On June 27, 1945, Harry S. Truman addressed his friends, neighbors, and nation at the RLDS Auditorium in Independence, Missouri. Just like the parade, the coverage of the address included members from the black and white press and the Kansas City Call noted: "A large number of Negroes were in the audience at the RLDS auditorium."
The doors of the RLDS Auditorium opened at 7:00 p.m. and a band concert that preceded the President's remarks started at 8:00 p.m. The president's entourage arrived at the auditorium from his visit with his Battery D reception held at the home of Independence Mayor Roger Sermon after 8:00 p.m. and the Presidential address began at 8:30 p.m.
The Independence Examiner noted in an article titled "At Last, Truman Fills Auditorium": "In the environs of the Auditorium over a distance of a half mile in every direction, every available parking space was occupied, and vacant lots were also filled with parked cars. There never before had so many parked motor cars in Independence for any occasion....
Mayor Sermon introduced the president:
"It is not necessary for me to tell you that we are glad to have you back. this great crowd of neighbors and friends is abundant evidence of that."
"It has been said that prophet is not without honor save in his own land. This is not, and never has been true of you. We always appreciated the splendid service you rendered this county for the ten years you headed our County Court. No public servant ever gave a community more devoted and intelligent service and we all were immensely proud of your service as a United States Senator. Certainly no Senator has rendered more distinguished service to his country."
"Those of us who have known you best know that few men ever went to the high office you hold with a more profound knowledge of politics and government, and this, with your high character, good common sense, courage and physical stamina will assure a sound and successful administration.
We hope the time never comes when you are tired and discouraged and everything seems to go wrong, but if it does, just come back to us. We will understand and a hearty hand shake and a pat on the back will be ready."
"You come back to us today easily the most popular President in our history and we know you will continue to enjoy the confidence and respect of the people of our country. This is because you so completely represent the best there is in Americans. We have heard that your radio speeches are couched in the language of ninety million of our people. We are sure this is true because you have lived the life, thought the thoughts of that great mass of common, middle class Americans. After all, that is what we want and need in a President--common sense, dignity and business efficiency--and these you have always had, and they will make you a great President. As time goes on, American people are going to develop a very great admiration for the family life as it exists in the White House. they like the quiet, dignified, gracious First Lady who presides over her home, as do so many millions of other women."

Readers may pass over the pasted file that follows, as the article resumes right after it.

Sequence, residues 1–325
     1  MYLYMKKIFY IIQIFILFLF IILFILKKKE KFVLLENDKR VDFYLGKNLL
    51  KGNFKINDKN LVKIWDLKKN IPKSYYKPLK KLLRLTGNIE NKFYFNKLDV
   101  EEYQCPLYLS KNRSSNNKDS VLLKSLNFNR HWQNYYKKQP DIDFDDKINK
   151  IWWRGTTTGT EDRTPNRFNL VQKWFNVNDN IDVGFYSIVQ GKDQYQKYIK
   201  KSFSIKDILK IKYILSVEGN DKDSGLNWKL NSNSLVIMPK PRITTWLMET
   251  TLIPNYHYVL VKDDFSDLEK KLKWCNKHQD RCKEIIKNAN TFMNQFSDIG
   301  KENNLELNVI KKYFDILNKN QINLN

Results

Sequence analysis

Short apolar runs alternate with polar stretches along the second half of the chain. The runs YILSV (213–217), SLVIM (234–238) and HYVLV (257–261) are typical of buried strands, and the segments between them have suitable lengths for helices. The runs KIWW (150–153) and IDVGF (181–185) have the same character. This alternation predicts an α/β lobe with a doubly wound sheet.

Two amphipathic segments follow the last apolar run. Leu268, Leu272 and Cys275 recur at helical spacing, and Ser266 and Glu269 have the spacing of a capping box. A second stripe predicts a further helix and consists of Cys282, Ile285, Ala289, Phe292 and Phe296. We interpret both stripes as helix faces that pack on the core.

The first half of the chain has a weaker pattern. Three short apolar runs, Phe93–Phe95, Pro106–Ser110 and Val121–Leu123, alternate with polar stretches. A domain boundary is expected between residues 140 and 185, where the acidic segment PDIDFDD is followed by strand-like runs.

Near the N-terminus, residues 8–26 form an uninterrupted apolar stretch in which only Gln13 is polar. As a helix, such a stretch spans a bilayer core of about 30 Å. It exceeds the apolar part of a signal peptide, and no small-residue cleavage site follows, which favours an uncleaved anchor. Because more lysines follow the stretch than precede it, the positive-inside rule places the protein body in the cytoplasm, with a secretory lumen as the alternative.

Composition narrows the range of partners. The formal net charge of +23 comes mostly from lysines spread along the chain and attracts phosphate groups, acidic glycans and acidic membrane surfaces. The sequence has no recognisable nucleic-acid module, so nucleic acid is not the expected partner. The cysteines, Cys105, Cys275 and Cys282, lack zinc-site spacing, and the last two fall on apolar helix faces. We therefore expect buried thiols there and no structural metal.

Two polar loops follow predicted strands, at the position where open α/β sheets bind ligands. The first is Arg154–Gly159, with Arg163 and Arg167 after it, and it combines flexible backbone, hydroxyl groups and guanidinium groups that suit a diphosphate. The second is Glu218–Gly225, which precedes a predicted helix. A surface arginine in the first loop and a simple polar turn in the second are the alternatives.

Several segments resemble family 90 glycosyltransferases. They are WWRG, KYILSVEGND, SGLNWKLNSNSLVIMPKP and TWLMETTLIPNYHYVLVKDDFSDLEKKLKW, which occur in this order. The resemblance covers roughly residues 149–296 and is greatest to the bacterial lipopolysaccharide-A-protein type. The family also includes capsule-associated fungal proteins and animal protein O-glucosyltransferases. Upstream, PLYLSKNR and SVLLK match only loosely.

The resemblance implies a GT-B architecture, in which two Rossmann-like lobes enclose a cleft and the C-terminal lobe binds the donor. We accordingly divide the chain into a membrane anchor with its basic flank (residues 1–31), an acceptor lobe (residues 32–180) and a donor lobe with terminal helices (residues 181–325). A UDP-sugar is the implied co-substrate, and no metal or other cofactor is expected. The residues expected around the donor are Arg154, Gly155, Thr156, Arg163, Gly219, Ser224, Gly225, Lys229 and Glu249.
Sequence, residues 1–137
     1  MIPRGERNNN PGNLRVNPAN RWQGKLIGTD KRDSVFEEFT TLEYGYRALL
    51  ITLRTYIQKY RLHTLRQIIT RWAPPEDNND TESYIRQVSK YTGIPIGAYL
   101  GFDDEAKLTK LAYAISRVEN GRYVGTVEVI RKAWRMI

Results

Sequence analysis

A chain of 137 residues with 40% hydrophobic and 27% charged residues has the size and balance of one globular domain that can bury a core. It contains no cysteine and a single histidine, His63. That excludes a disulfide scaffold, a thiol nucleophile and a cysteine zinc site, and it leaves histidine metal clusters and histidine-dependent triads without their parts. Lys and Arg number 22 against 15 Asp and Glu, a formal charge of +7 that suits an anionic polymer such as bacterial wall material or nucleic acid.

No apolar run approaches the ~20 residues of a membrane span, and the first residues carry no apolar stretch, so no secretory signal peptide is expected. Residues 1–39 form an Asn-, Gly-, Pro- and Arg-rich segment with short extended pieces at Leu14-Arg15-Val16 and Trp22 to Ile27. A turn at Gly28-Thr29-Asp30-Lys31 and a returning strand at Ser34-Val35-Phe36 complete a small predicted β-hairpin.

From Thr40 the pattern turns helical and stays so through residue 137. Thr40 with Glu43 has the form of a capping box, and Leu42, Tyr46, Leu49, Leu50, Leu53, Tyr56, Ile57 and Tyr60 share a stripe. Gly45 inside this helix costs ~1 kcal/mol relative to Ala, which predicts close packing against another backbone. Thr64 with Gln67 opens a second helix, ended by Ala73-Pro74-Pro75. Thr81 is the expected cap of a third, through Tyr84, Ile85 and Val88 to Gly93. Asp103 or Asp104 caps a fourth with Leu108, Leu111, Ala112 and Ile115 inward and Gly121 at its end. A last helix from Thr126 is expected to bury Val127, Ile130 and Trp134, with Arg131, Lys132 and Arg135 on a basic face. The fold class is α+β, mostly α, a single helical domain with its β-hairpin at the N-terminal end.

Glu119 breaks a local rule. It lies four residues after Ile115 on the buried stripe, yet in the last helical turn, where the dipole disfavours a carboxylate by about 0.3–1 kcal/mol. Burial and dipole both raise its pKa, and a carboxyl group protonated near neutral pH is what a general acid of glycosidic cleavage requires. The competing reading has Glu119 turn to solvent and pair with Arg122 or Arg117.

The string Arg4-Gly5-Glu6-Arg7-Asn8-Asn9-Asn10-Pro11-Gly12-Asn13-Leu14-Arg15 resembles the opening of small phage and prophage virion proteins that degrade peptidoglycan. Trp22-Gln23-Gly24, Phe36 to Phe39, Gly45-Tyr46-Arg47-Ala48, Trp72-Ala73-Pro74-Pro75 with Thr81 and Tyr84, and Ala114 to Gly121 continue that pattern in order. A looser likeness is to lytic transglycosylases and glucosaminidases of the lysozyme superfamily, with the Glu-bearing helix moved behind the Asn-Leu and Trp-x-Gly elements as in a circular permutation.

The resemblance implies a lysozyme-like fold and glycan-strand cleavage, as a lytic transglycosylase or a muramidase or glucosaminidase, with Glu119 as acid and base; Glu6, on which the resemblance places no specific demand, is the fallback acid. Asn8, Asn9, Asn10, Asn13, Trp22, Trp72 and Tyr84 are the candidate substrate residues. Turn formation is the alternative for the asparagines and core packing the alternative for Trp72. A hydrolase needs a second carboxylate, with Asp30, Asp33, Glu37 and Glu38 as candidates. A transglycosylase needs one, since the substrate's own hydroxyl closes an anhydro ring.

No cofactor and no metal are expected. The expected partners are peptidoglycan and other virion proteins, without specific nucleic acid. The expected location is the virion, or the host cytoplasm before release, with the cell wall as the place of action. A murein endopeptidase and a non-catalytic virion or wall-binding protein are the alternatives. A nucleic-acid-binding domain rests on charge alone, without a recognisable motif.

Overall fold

The mayor concluded: "Come back to us often and let us share with you the pleasure that comes from high service to a grateful people, and when you have finished this service, we want you to come back home to live again. God be with you as you face the tremendous task that lies ahead. Your friends and neighbors know you will measure up to this great responsibility."
President Truman rose and addressed the crowd:
"There are two things I must accomplish as President. The first one is to win the war with Japan, and we are winning it. The next is to win the peace."
"Time and again I have tried to fill this great auditorium, and this is the first time I have succeeded. I can't possibly tell you how much I appreciate this demonstration. I am going to spend the next two or three days in Jackson County, trying my best, with all the handicaps of the President of the United States, to enjoy myself with you as I formerly did when a judge of the County Court."
"I want to say to you that I would give anything in the world if I could shake hands with every one of you individually and say to you what I say ordinarily, but you understand I am not made of cast iron. I just simply can't do it. I hope you will appreciate, however, that I am now shaking hands with every one of you." The president then raised both hands and clasped them together over his head."
At the close of the meeting family, friends, and neighbors gathered around the president and his press secretary Charlie Ross, who had graduated with the President at Independence High School in 1901.